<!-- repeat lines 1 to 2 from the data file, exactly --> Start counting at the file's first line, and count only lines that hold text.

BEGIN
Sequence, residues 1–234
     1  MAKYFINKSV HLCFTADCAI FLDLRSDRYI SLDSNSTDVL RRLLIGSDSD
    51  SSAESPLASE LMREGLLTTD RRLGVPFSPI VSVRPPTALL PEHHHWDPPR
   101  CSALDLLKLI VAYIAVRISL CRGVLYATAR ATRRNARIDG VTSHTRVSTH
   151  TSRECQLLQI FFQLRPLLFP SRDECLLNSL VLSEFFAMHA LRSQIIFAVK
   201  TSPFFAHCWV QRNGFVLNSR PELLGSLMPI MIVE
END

Sequence, residues 1–234
     1  MAKYFINKSV HLCFTADCAI FLDLRSDRYI SLDSNSTDVL RRLLIGSDSD